No one can guarantee you that there will not be some form of confiscation or windfall tax. No one can guarantee you that your dollar will buy much of anything either. In short, the guarantee you are looking for does not exist. I wish it did, but we all have to make an educated choice about our economic future, one sans a guarantee. Greater minds than mine have pondered these questions for decades and have decided that gold is still the best place to be. Jim Sinclair and Richard Russell, with a combined 80 years of gold experience, put gold on the top of their list of assets to own. Both are very stock market savvy but they both stress the importance in owning physical gold. Both understand that gold is the best form of money.
It’s interesting that you bring up Warren Buffet. Gold’s performance has crushed Berkshire Hathaway since 2001! Warren made his money by buying undervalued blue chip stocks in the 70’s when they were dirt-cheap. Big money is always made at the bottom of a market and when he started accumulating stocks, they were unwanted and undervalued. He is a smart man – when it comes to stocks, but he should have listened to his father when it came to gold. Buffet also sold all of his silver when the price was under $10 an ounce – not exactly a ringing endorsement of his understanding of precious metals. If Buffet would never buy a stock with even a 1% chance of becoming worthless then what about having all of your money in dollars? Do you think that there is a 1% chance that the dollar will collapse or be replaced? If your concern is the “downside,” I ask you to consider the downside of NOT owning gold! I don’t believe that Jim Rickards is telling anyone NOT to own gold. To the contrary, he and Gerald Celente are strong advocates of owning gold.
If gold is hit with a heavy tax, that means it rose tremendously (and the dollar collapsed) so at least your principal buying power was protected.
One thing to remember – gold was confiscated in 1933 because the dollar was gold-backed so the only way to increase the money supply was to increase the gold supply backing the dollar. The Socialist FDR-led government needed more dollars to implement their “work programs” in the early 30s, during a period of serious deflation/depression. Today, the dollar is backed by nothing (but debt) and the government doesn’t need gold in order to increase the money supply. In order for gold to be of a high enough “value” to our government to confiscate it, a new gold-backed currency would have to be in place or be about ready to replace the dollar. In other words, the dollar would have lost its “reserve” currency status. God help us if (when) this happens. I think we will see the handwriting on the wall and should be able to sell gold at much, much higher prices than we have now, and use the profits to buy stocks at what would then be very depressed prices. I am not advocating holding gold forever, but at least until it can be exchanged for dollars, which can be exchanged for other undervalued assets such as real estate and stocks.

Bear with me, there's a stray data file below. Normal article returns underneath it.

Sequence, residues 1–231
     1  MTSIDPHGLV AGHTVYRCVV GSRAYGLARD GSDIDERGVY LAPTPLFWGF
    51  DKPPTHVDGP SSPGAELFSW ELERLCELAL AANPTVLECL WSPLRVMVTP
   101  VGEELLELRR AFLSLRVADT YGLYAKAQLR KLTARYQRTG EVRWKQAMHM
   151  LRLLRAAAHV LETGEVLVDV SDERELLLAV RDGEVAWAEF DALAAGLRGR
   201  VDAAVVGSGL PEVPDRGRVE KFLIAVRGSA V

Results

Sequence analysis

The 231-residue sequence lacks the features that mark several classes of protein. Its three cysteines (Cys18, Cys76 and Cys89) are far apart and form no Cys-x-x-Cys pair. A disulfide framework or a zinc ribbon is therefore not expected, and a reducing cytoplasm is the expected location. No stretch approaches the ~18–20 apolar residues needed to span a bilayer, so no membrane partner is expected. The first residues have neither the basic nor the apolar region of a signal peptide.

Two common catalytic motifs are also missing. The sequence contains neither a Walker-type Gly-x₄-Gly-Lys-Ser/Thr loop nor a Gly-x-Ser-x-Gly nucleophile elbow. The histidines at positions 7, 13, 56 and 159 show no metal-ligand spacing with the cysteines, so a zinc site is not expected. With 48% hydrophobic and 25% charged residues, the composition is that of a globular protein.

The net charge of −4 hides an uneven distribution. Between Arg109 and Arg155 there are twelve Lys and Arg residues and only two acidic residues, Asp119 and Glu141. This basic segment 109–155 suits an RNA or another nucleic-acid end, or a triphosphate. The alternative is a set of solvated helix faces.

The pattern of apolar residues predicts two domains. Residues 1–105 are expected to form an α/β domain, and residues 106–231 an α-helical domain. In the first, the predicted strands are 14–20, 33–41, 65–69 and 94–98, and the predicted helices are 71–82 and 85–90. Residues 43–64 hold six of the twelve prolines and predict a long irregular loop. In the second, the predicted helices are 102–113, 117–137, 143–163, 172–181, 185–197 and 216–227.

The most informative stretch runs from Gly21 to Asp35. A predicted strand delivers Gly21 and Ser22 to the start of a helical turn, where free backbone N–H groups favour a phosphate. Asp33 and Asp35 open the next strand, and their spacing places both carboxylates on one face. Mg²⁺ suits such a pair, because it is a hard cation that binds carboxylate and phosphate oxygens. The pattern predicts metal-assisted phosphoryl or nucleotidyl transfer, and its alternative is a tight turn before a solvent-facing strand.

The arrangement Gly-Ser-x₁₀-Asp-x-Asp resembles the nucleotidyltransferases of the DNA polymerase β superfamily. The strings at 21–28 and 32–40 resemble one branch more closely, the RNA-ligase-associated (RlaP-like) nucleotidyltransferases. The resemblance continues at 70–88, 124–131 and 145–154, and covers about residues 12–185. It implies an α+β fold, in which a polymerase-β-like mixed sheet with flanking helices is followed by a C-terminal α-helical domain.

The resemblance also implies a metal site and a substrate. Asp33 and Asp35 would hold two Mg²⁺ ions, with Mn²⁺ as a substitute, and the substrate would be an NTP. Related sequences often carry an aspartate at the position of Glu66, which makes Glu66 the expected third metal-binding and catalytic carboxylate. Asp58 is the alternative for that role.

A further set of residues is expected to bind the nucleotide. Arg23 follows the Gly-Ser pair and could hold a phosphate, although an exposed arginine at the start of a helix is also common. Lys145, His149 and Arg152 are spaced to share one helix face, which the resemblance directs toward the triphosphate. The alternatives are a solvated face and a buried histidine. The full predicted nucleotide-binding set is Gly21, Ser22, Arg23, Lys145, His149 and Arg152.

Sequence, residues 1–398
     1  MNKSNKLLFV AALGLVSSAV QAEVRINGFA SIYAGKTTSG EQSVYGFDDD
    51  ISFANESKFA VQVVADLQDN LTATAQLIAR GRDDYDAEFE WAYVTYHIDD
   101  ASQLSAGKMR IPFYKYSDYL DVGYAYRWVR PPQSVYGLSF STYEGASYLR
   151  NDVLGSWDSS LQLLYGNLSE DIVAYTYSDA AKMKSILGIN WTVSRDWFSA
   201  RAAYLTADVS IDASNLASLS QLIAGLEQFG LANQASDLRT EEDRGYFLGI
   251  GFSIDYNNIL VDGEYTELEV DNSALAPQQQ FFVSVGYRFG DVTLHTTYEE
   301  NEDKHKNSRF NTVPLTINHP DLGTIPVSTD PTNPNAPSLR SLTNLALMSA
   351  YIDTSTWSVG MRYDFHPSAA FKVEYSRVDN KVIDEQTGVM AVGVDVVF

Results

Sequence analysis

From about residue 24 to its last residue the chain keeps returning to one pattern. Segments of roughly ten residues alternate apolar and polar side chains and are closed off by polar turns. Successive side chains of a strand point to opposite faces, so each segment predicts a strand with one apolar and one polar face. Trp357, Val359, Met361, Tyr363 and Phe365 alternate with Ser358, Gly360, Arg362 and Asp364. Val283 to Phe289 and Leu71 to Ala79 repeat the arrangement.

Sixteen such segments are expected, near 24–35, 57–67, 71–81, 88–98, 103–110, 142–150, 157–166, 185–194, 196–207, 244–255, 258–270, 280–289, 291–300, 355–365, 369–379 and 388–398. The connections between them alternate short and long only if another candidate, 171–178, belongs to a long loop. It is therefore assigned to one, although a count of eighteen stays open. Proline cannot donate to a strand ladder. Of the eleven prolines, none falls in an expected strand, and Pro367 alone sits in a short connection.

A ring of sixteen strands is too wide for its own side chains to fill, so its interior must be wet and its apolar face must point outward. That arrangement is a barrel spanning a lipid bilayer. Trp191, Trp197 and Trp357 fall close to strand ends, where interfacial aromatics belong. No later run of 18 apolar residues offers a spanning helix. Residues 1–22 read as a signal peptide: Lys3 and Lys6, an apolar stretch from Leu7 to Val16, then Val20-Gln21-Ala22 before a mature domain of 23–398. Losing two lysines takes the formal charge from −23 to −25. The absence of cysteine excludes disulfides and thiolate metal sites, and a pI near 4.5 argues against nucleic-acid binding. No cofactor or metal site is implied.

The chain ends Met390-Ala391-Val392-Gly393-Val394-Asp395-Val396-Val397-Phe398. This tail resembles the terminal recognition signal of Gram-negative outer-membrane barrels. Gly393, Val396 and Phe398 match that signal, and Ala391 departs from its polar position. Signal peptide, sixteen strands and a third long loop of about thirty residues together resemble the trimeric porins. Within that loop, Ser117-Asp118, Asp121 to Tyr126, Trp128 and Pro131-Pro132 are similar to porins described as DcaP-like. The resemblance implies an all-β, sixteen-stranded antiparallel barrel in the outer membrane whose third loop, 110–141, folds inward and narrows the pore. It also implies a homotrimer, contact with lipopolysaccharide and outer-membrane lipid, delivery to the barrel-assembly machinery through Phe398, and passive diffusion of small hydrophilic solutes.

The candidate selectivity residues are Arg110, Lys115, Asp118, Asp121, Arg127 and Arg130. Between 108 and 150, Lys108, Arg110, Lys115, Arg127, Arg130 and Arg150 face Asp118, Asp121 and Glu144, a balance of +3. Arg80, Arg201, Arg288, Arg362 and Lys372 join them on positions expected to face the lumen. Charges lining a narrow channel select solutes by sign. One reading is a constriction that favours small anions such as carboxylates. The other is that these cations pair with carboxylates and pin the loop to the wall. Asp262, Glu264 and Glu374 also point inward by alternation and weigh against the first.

If there is confiscation, it will be of the “low hanging fruit,” the gold held by the ETFs. That is where most of America’s gold now resides and as the price rises, the amount held by GLD, etc. would greatly increase. The government can (and will) take it, legally, as long as they adhere to the Constitution and the Eminent Domain Clause and pay the owners “fair value.” They will go after that large pile of gold and not waste their time knocking down doors looking for handfuls of coins that are scattered throughout the country. If they want that form of gold, all they need do is buy it for a price high enough to get people to willingly turn it in.
There is a lot of gold in the ground in Nevada and Alaska. That gold may well be nationalized, which is why I own very few gold mining stocks.
If the government has already leased out most of the gold (in Ft. Knox) then they have IOUs for it. They refer to that gold as being held “in Deep Storage.” Probably owed to us by Barrick. They will eventually get it back. The central bank manipulation scheme was mostly covert, off the books leasing, not outright sales.
You can start to worry if you see Germany and other countries demand their gold back from storage with the Fed. If we have none, we will probably refuse to return their gold. What will they do? Go to war with us?
Very few people turned in their gold in 1933. Those who had gold in bank safety deposit boxes lost it all. Do you think Gold Bugs will willingly surrender their gold in today’s anti-government environment? I doubt it. And if people will not willingly turn it in, the only way to entice them to let it go is to pay them MORE than it is worth, not LESS. And why wouldn’t the government take this course of action? They can print up as many billions of dollars as necessary to buy it all at $10,000 or $20,000 an ounce. I say the odds of this happening far outweigh the odds of an outright confiscation, which would be a total failure. Remember, gold sales are NOT reported to the government (yet) so they have no record of who has it or how much. This is another reason to get it now while you can do so legally and privately.
If you are looking for some form of “insurance” then check out The Permanent Portfolio. It has gold and bonds and other balanced assets. It will never be a home run for you, but then again you will never lose out if gold is confiscated, which I deem highly unlikely or if a punitive tax is enacted which is more likely.
Another great alternative is to buy platinum. Platinum will NOT be confiscated, and most likely neither will silver or palladium. Skip gold entirely if you are worried. Personally, I have 70% in silver and platinum and only 30% in gold.
Thank you for your well-reasoned email.